Kean fills her sack, piece of plastic by piece of plastic. She stands at the bottom of one of the deep holes on the garbage dump. Suddenly she hears a roaring motor and the rustling noise that can only mean one thing: falling trash! Kean pulls herself up and narrowly manages to escape the avalanche of trash started by the tractor, that fills the hole where she was standing.
A few years earlier, when Kean is eight, she and her younger sister Phally leave their home village in southern Cambodia. They say goodbye to their parents and squeeze into a minibus with their grandmother. After three hours they have reached their destination: the Stung Mean Chey garbage dump in the capital city of Phnom Penh, where they will work from morning till night, every day of the week.
A garbage dump is a dangerous workplace. Kean and Phally soon learn what happens to the children who don’t manage to escape the avalanches of falling trash. The first time Kean sees it, she is a few metres from a boy who is standing further down the side of the garbage dump. The tractor driver on top of the heap doesn’t see them, and shovels garbage right over the boy.
Kean and everyone else who can see the boy disappearing under the trash shout to one another. Adults and children are soon working together to dig him out.
When the boy emerges, Kean sees how he looks terrified. But the next day he’s back on the garbage dump working away as if nothing ever happened. Kean knows that if he wants to be able to eat, he doesn’t have a choice.
Another time, a boy disappears under the trash and only the children notice. They shout for help, and although an adult comes to help eventually, it takes too long to dig the boy out. Later, Kean hears that by the time they found the boy he was dead.
Kean and her sister spend every day looking for trash they can sell. Sometimes they are so hungry that they eat food that others have thrown out. The clothes they wear come from the dump too. Sometimes they find undamaged clothes, that have been thrown out just because they have small stains on them. It makes the sisters angry to think that there are rich people who throw away good clothes and food that is still edible. One day Kean spots something that looks like a good find. Something that she’ll never forget. She has just begun her days’ work when she sees a large black sack. Her first thought is that maybe it’s something she could sell. When she gets closer and grabs the sack she gets a feeling it could be full of meat. She takes her hook and opens the sack. The sight that meets her eyes will stay with her for a long time. There is a dead child in the sack. Kean runs away as fast as she can.
Kean and Phally each take a mask and listen carefully as the woman talks to them about a school. The children are invited to go with the woman to see the school. Phally has never seen such a big school before. There are new people everywhere, and Phally feels scared. But when Phymean, the woman who brought them there, explains that the school is free for all children, Phally dares to hope that the sisters might be able to go to school. The sisters tell their grandmother about the school visit. "Please can we go to school?" "No," replies their grandmother. "Unless you keep gathering trash we’ll all starve."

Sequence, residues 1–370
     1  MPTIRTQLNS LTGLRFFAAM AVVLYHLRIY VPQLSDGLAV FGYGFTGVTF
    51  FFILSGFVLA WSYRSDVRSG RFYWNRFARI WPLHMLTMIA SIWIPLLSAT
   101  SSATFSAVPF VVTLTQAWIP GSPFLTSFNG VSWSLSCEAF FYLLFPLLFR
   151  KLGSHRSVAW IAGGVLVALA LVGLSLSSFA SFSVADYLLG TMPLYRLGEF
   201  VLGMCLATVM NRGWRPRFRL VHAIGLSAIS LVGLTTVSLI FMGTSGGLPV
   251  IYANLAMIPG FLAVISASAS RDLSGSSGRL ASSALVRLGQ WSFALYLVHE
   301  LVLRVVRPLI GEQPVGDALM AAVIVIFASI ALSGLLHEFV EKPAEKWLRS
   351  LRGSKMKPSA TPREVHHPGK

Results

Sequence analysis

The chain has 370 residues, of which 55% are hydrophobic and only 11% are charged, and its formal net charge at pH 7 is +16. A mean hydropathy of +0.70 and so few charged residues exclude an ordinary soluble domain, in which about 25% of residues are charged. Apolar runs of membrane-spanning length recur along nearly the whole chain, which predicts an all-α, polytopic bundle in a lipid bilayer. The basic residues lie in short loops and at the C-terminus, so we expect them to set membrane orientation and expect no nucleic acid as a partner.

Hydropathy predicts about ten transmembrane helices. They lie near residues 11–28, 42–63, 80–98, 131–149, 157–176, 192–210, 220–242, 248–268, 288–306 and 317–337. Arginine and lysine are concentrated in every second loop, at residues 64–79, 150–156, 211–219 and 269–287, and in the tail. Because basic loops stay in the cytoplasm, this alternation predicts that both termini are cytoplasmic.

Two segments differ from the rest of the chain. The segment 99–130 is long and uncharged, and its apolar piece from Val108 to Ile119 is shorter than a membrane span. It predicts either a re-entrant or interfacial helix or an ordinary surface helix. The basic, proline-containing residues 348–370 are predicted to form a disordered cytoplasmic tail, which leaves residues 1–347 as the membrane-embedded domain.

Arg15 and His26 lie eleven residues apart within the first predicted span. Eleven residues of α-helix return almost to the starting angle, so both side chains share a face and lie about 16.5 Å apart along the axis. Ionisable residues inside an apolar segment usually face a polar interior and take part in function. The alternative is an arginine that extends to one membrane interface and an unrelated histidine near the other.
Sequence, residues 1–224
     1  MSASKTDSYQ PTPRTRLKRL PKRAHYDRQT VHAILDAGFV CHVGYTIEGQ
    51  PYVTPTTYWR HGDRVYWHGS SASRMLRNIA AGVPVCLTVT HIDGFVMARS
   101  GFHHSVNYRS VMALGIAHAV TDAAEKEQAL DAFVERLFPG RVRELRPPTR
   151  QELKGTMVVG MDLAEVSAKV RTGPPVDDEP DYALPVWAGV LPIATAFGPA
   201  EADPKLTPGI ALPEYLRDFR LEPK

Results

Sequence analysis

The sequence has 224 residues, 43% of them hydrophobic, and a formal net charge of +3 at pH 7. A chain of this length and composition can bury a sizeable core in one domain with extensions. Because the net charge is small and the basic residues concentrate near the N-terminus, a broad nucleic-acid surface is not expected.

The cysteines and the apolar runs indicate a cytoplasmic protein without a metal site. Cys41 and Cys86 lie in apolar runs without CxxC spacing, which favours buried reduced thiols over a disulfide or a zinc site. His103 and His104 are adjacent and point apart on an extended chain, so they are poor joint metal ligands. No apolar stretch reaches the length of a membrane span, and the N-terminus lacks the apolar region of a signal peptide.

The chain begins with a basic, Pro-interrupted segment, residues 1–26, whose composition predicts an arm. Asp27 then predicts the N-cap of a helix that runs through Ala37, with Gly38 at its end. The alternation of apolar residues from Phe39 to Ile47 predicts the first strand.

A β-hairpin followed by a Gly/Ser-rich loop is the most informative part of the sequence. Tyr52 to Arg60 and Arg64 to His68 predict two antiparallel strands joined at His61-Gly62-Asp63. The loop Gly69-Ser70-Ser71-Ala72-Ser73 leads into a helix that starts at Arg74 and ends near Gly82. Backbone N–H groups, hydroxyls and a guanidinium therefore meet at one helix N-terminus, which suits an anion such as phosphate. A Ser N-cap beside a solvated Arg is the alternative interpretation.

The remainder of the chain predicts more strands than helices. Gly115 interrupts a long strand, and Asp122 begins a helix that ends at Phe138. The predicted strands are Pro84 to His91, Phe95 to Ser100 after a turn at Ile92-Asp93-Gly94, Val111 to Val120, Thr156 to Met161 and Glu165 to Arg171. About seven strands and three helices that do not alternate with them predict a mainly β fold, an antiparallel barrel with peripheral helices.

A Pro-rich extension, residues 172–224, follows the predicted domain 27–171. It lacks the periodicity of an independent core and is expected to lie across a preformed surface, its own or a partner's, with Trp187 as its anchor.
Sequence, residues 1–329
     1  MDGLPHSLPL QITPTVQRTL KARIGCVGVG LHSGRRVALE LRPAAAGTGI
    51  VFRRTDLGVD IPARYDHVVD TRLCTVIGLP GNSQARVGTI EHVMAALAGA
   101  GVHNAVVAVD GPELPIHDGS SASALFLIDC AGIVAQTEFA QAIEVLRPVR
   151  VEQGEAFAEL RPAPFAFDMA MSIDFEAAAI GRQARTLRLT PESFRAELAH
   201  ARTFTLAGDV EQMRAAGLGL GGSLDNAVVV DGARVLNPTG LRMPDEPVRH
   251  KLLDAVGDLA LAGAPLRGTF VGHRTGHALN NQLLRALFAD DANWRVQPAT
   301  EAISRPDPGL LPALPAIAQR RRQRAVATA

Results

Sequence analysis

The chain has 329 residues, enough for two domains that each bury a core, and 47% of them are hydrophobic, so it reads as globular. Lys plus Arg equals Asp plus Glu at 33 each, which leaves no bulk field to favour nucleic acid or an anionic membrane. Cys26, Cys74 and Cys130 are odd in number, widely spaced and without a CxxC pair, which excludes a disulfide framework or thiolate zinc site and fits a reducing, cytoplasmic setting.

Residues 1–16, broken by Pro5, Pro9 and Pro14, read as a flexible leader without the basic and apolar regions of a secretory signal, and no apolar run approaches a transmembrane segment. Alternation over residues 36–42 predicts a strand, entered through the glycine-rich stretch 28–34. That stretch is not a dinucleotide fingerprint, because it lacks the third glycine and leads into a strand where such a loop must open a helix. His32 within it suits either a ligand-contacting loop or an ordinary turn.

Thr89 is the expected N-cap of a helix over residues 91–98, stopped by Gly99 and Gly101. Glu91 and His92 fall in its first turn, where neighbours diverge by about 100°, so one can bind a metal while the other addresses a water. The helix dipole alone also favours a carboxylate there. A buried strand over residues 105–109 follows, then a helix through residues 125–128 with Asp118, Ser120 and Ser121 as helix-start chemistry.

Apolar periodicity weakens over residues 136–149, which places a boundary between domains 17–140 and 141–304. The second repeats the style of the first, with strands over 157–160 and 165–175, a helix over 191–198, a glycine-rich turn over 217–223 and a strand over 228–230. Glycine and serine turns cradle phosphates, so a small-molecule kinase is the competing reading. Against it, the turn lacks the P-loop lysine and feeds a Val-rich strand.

Phally cries and keeps on pleading with her grandmother:
"I don’t want to spend my whole life working on a garbage dump!"
Finally, their grandmother gives in. The girls are allowed to start school.
Every day after school, Kean and Phally go back to gather trash. When they get home to their little shack late at night, they do the housework while their grandmother sorts out the trash. Then they sit down to study. They are afraid of not being able to keep up with the lessons, so they try to learn as much as they can at home.
The sisters’ days are long, and they are exhausted every day. But it’s worth it. Going to school is the best thing that’s ever happened to them.
Kean and Phally cry the whole way in the minibus. All they want is to stay at school, but their grandmother doesn’t want to leave them there alone.
Back in their home village, they plant rice every waking hour. Kean often cries. She thinks about school, and how many lessons she is missing as the days pass.
Kean and Phally’s family don’t listen to the girls as they argue and plead. So they make a plan: They won’t eat a single thing until they are allowed to go back to Phnom Penh - and school. The sisters’ hunger strike goes on for several days and finally, they get their way. They hold one another’s hand and jump for joy. They are so happy. And so hungry!
Best moment: When my grandmother said we could start school.
Worst moment: When she said we had to stop school.
Likes: Embroidery and dancing.
Afraid of: The part of the dump where the most people have died - there could be ghosts there.
Curious about: Snow.
Misses: My grandmother, who is dead now.
Happy about: Being able to go to school.
Likes: Talking to new people.
Favourite colour: Yellow.
Långgatan 13, 647 30, Mariefred, Sweden
Phone: +46-159-129 00 email@example.com
© 2020 World’s Children’s Prize Foundation. All rights reserved. WORLD'S CHILDREN'S PRIZE®, the Foundation's logo, WORLD'S CHILDREN'S PRIZE FOR THE RIGHTS OF THE CHILD®, WORLD'S CHILDREN'S PARLIAMENT®, WORLD'S CHILDREN'S OMBUDSMAN®, WORLD'S CHILDREN'S PRESS CONFERENCE® and YOU ME EQUAL RIGHTS are service marks of the Foundation.